A registrar survival guide... Structuring the consultation

Despite advances in medical investigations, the consultation will remain the most important tool that GPs have.

Prior to initiating the consultation, review the patients record and have a basic knowledge of their active problems and an overview of their medication. Ensure you review any recent consultations, whether it be within the practice or externally. This maybe crucial to the current consultation and shows you have taken an interest in the patient prior to their attendance.

Starting the consultation

Introduce yourself and ask an open question. Examples may include 'how can I help?', 'What are we doing today?', 'Whats brought you in today?' – this will vary from doctor to doctor.

Allow the patient to talk as early interruptions could lead to missed cues and a breakdown in the doctor-patient relationship. Show empathy, summarise if appropriate and set an agenda.

Check if patients have come about anything else at this point. This should avoid the dreaded: 'Oh, and by the way doctor...' Explain how the consultation will progress.

Data gathering

With the agenda set and your relationship developed, start the history taking process.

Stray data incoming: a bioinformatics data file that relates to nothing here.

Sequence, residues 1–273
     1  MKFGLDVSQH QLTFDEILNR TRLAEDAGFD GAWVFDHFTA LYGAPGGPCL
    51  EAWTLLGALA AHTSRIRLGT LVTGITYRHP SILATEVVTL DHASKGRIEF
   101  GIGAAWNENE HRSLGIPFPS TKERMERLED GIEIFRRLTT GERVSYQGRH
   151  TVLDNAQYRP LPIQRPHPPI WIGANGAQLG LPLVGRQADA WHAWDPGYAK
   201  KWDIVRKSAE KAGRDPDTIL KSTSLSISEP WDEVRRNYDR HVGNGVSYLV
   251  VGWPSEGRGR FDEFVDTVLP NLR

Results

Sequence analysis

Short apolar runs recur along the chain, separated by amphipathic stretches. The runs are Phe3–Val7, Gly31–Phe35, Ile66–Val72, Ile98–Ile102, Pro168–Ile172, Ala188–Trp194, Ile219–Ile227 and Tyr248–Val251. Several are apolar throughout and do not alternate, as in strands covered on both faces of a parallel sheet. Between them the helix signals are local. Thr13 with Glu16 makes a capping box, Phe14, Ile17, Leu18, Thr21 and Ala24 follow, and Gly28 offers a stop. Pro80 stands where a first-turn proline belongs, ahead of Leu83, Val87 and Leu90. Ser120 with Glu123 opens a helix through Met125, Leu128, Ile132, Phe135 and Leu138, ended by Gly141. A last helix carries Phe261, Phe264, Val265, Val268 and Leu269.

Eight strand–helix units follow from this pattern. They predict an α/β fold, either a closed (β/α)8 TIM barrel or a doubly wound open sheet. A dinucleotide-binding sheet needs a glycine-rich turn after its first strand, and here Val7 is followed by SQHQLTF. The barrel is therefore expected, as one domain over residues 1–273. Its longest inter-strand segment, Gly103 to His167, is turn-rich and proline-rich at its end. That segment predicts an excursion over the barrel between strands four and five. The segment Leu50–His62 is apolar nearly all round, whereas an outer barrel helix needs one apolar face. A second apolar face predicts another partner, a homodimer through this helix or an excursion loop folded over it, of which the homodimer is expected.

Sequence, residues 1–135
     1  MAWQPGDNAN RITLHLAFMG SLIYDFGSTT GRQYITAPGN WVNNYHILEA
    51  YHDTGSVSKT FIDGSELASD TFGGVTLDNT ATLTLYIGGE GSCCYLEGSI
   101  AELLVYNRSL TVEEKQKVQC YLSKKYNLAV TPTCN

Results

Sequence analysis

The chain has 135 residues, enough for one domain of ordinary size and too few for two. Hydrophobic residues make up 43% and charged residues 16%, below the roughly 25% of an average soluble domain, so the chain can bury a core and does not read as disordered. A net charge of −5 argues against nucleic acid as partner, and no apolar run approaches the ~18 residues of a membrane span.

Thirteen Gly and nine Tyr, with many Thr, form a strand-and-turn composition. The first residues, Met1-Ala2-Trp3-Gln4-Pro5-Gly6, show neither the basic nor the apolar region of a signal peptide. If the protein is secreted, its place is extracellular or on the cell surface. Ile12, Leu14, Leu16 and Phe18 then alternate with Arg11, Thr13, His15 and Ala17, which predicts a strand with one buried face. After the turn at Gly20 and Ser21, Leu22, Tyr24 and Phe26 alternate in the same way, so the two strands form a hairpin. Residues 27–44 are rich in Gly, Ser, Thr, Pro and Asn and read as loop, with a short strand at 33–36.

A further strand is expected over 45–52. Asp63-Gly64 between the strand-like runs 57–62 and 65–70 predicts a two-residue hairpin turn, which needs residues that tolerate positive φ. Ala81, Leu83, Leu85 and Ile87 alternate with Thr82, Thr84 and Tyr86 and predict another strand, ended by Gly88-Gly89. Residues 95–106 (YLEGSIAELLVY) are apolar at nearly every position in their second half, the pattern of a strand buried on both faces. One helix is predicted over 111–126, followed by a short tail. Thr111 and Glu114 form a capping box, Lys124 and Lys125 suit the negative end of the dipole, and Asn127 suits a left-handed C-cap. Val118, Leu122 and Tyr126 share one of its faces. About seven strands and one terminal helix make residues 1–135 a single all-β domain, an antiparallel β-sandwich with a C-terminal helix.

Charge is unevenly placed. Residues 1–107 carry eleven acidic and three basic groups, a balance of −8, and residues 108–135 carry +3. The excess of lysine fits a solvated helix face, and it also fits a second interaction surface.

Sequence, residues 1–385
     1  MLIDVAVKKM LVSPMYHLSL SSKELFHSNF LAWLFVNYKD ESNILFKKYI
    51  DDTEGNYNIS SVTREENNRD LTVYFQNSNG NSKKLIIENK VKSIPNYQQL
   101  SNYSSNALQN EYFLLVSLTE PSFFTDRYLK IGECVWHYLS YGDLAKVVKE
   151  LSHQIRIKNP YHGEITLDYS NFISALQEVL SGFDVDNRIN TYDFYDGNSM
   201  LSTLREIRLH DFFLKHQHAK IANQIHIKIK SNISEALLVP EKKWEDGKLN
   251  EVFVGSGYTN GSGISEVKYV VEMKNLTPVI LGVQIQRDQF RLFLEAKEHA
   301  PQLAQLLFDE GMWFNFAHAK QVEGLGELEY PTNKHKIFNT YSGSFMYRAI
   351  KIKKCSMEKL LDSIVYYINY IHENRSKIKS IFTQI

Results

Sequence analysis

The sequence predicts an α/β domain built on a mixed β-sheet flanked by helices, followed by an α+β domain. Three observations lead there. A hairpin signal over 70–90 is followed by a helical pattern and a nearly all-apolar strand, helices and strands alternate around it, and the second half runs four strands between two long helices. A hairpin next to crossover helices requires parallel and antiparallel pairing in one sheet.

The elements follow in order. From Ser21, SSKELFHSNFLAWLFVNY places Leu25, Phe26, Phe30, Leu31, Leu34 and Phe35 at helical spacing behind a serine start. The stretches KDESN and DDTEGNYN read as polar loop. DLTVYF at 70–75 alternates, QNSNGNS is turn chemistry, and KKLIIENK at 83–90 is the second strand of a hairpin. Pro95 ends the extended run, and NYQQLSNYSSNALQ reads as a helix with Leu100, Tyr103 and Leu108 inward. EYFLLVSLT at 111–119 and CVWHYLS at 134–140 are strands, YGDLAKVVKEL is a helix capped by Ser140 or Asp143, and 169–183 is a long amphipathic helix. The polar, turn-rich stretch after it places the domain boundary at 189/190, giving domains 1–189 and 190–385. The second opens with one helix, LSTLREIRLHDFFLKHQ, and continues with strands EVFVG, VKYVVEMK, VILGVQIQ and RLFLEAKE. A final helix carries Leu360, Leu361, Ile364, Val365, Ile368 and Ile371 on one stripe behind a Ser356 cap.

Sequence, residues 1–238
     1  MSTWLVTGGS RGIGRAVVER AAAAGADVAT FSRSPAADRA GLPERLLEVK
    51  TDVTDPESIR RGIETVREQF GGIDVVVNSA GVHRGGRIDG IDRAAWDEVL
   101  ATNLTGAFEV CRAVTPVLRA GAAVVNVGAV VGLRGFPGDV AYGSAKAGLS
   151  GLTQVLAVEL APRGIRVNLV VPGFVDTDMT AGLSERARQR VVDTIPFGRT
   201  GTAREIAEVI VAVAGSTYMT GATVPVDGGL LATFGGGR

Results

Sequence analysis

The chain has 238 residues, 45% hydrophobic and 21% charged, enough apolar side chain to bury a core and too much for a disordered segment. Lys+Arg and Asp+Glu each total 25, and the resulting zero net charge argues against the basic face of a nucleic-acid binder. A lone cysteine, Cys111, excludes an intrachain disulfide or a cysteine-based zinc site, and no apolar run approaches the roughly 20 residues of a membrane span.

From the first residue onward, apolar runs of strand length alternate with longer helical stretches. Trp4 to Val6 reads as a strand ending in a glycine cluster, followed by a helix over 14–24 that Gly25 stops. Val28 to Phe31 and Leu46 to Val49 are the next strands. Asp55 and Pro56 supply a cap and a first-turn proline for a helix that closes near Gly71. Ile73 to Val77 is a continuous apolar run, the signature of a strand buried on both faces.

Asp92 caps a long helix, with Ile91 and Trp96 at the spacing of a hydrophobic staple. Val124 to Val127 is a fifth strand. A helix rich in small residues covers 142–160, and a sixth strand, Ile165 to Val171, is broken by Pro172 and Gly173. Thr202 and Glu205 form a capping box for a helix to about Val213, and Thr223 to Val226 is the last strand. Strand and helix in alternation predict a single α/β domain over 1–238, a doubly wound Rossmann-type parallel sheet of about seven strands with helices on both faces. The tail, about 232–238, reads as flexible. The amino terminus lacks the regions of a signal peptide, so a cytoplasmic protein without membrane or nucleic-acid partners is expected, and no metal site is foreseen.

Ensure a mix of open and closed questions are used. Start with open questions, such as: 'You mentioned headache, tell me more about that,' and close it down as appropriate.

Avoid leading questions and ensure that red flag symptoms are covered. Risk assessment is critical for psychological cases. Ensure you fully explore the patients' social circumstances and the psychological impact their symptoms may be having on them.

The patient's ideas, concerns and expectations are a crucial part of the consultation and should be established within the first three to four minutes. This may require directly asking the patients or picking up on verbal or non verbal cues. Cues maybe subtle so it is important to be alert to them.

Examination and explanation

Complete a focussed physical or mental state examination. Find out what the patient knows and explain what you think the diagnosis could be while avoiding medical jargon. Use diagrams or models where appropriate.


Give the patient options if appropriate. This generates a shared management plan.

Shared decision aids are becoming increasingly used and provide useful comparisons of different treatment options available to patients. This empowers patients.

Final check and closing

Ask the patient to recap the important points, safety net appropriately and arrange follow-up if required. If appropriate, give the patient leaflets.

  • Dr Singh is a GP trainer in Wallsend, North Tyneside
Essentials checklist
  • An early-set agenda.
  • Ability to detect verbal and non-verbal cues.
  • Good non-verbal communication.
  • A knowledge of consultation models.
  • A prior knowledge of the patient's record before they arrive.

Find more advice and information for GP trainees

  • This is an updated version of an article that was first published in May 2010.

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